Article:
Scalability problem using web requests initiating asynch web service requestsRSS

4 replies

Last post Feb 15, 2013 01:04 PM by Parashuram

  • Scalability problem using web requests initiating asynch web service requests

    Jan 09, 2013 11:53 AM|Toby999|LINK

    We are experiencing some problems in production (IIS 7.5 integrated managed pipeline mode and .NET 4.5 application) when to may of our incoming IIS requests trigger asynchronous web service requests. There is a quite nice MSDN blog post here by Thomas Marquardt that gives a very good picture of the potential problems that can arise. I believe our problem is due to the ServicePointManager.DefaultConnectionLimit low default value and we are about to deploy this fix (requires code change as can be read about in the blog.

    However, I have quite a few remaining questions from this blog post. I have posted these questions yesterday in the blog post (quite miserably since there was a cap on the word lenght...), but since I am guessing it may take some time before Thomas may response, I repost the questions here as well in hope that someone in the community knows some of the answers. You may need to read the blog post first to be in tune with what I write below, but I can promise it is good reading. Laughing If someone knows one or several of the answers to the questions, please just refer to the what question it is in the answer (eg 1.c)

    Here is my comment(s) in the blog post with nice WYSIWYG markup:

    Thanks [Thomas Marquardt] for some great explanations and for taking the time to answer all these questions. It really clarifies things. In our case, we have a problem in production with an .NET 4.5 / IIS 7.5 web server running integrated [managed pipeline] mode when we get a high load of requests that utilises a high degree of outgoing asynchronous web service requests (stack trace reveals HttpWebRequest usage beneath the hood of the HttpClient class usage). Based on my reading here, it seems the solution is to set the ServicePointManager.DefaultConnectionLimit programmatically in production code as you suggest (since we use autoConfig set to true). However before I try this in our production environment (initiating a redeploy) I have some remaining categorised questions with regards to what I’ve read (sublabeled (a), (b) etc to make your answering easier):

    1. appRequestQueueLimit config:
      (a) Do I understand it correctly that the httpRuntime setting appRequestQueueLimit configuration only is applicable for IIS 6 and 7 when running in classic mode? I.e it sets the limit for the old application scoped queue (with “miserable performance” as you write)?
    2. (questions a-f below) 
      When our servers gets over loaded and don’t scale (CPU only at 20%), we get 503 error code in response to the original request + that the async. web service requests ends up with quite a few exceptions: “SocketException: An operation on a socket could not be performed because the system lacked sufficient buffer space or because a queue was full”. A problem with this type of error message hint is of course that you are not sure which queue may be full (if it is the queue).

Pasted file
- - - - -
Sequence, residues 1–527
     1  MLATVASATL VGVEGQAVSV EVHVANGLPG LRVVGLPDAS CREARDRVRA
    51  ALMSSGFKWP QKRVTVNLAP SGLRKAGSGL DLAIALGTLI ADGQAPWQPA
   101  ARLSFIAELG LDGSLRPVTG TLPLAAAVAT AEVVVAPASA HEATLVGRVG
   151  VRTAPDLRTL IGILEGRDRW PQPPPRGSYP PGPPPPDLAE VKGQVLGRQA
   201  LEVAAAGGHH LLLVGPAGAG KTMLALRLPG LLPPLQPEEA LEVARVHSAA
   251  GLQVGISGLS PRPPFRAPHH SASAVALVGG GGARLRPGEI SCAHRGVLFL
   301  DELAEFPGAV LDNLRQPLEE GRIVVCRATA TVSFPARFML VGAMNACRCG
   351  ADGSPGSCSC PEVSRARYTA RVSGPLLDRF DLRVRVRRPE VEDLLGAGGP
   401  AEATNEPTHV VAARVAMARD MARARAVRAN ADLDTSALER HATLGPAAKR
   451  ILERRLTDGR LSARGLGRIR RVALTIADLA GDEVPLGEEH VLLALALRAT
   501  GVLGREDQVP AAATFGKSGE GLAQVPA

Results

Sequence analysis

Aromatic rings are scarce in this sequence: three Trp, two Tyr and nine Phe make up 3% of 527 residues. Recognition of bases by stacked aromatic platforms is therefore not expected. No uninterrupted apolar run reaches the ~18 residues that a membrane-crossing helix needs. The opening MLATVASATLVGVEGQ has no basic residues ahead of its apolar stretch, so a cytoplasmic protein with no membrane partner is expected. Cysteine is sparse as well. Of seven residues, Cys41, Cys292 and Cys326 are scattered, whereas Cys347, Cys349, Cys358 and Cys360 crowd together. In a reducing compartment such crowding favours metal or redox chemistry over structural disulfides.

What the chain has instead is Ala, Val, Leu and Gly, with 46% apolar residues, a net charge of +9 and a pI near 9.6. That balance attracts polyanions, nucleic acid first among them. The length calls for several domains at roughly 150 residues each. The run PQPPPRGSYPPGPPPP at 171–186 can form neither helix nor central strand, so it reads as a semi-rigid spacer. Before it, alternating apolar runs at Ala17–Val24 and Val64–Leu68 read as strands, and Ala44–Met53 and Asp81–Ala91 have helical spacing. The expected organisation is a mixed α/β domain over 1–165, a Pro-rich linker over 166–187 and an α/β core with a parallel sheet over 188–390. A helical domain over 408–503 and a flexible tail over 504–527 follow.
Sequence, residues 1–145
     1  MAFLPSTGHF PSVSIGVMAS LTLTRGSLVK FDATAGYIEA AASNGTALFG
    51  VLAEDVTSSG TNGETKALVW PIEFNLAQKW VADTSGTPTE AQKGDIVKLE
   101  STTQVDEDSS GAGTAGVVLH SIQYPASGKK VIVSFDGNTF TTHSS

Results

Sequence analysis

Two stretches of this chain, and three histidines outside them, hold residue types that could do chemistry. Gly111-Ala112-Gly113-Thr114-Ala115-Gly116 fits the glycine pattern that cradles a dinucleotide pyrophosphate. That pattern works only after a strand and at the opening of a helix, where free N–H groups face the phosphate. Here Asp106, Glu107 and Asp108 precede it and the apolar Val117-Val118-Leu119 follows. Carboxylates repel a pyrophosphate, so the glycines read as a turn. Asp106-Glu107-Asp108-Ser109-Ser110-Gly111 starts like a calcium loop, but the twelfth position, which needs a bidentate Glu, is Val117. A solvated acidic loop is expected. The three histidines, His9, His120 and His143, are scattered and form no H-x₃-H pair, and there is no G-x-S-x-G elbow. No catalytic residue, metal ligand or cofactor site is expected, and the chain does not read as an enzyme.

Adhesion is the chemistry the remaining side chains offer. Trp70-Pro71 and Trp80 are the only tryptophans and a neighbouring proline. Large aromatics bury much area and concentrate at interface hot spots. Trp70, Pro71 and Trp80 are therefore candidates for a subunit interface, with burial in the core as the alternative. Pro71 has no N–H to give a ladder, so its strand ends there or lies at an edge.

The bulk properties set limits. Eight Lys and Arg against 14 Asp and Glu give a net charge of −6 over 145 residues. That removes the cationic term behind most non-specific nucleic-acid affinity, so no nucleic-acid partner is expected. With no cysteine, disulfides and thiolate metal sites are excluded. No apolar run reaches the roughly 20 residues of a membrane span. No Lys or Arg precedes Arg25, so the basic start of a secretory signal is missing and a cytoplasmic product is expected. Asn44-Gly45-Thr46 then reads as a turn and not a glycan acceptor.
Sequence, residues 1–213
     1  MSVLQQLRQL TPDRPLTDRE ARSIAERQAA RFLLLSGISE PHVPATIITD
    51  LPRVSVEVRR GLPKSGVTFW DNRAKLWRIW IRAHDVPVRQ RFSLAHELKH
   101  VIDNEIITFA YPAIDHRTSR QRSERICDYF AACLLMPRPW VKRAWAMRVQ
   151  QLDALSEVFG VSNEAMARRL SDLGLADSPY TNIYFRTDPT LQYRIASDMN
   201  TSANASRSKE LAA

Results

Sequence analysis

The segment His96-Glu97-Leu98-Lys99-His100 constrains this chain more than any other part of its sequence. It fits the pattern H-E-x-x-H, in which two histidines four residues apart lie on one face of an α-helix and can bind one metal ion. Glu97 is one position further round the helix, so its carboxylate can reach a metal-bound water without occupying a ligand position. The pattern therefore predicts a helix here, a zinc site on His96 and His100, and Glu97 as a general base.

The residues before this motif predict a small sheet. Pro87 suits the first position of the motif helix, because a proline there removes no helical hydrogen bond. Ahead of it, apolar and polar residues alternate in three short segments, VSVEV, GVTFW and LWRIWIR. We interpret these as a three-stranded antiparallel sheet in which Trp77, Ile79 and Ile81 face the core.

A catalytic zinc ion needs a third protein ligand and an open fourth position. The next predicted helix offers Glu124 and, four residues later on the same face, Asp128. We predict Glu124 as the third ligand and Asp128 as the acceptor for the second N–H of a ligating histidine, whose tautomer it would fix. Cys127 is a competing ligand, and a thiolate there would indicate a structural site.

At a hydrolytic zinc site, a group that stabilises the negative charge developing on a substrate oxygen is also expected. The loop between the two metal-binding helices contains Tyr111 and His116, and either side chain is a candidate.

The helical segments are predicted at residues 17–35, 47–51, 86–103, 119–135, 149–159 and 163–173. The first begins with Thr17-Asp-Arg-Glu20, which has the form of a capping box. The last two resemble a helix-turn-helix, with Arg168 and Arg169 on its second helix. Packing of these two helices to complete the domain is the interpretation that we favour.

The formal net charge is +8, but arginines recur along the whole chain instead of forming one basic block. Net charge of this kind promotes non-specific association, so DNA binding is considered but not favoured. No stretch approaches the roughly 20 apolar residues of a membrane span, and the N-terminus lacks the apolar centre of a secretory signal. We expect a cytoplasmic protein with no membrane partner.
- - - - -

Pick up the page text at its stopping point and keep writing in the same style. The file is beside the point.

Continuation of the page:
(a) So how many queues exists on the server in the (total) request pipeline? From you description, in our scope, there is both a (1) process-wide native queue as well as the (2) CLR ThreadPool that naturally can be regarded as a queue. But you also mention the HTTP.sys kernal queue. 
      (b) Is the HTTP.sys kernal queue the same queue as (1) process-wide queue? 
      (c) If not, could you perhaps explain breifly what the purpose of this HTTP.sys queue is? 
      (d) Are there any other lower level queues that can become problematic? (eg network card driver) 

      However, in our case, if the problem is actually due to connectionManagement/MaxConnections, I guess the web service error message is quite logical. If there is no possibility for the web service to get access to the connection (keep-alive), the number of requests waiting to execute in the ThreadPool should increase of course until the maxium number of threads is hit. A poor solution would be to increase the number of maxThreads in the ThreadPool... 
      (e) Is there a performance monitor for showing the current number of threads in the ThreadPool? 

      Also, there seems to be a performance counter called [Web Service.Current Connections] that should really hit a max pegged value (12*core count) if this is the problem. 
      (f) Is this correct (below the (e) question)?
    3. From you question response 8 Dec 2011, I understand it that “Requests Queued” is use both to measure the number of requests that are waiting as well as the number of executing requests in the ThreadPool + those requests that possible (unlikely if correctly configured) hit the native queue. It seems to me then, that it is quite difficult to distinguish the scenario when there actually are requests in the native queue. 
      (a) Would that be possible in .NET 4.5 / IIS 7 integrated mode? (how if so? :)
    4. You mentioned in comment 22 april, 2010 and 28 oct, 2010 that if you run out of (ephemeral) ports it can be good to decrease the TcpTimedWaitDelay registry setting (as well as MaxUserPort). For us I don’t think this is a problem since we use TCP keep-alive (persisted) connection for the web service requests. 
      (a) However, in order to find out if this was a problem, would it not be enough to check the performance counter [TCPv4.Connection Established] and see if this value is close to the maximum amount of available ports (which should be quite high on Windows 2003/2008 by default). 

      Further more, I think decreasing TcpTimedWaitDelay is a good option although perhaps one need to consider other types of TCP reliant I/O high latency requests running on the server (eg web services and even database calls) if lowering this number. 
      (b) Do you agree?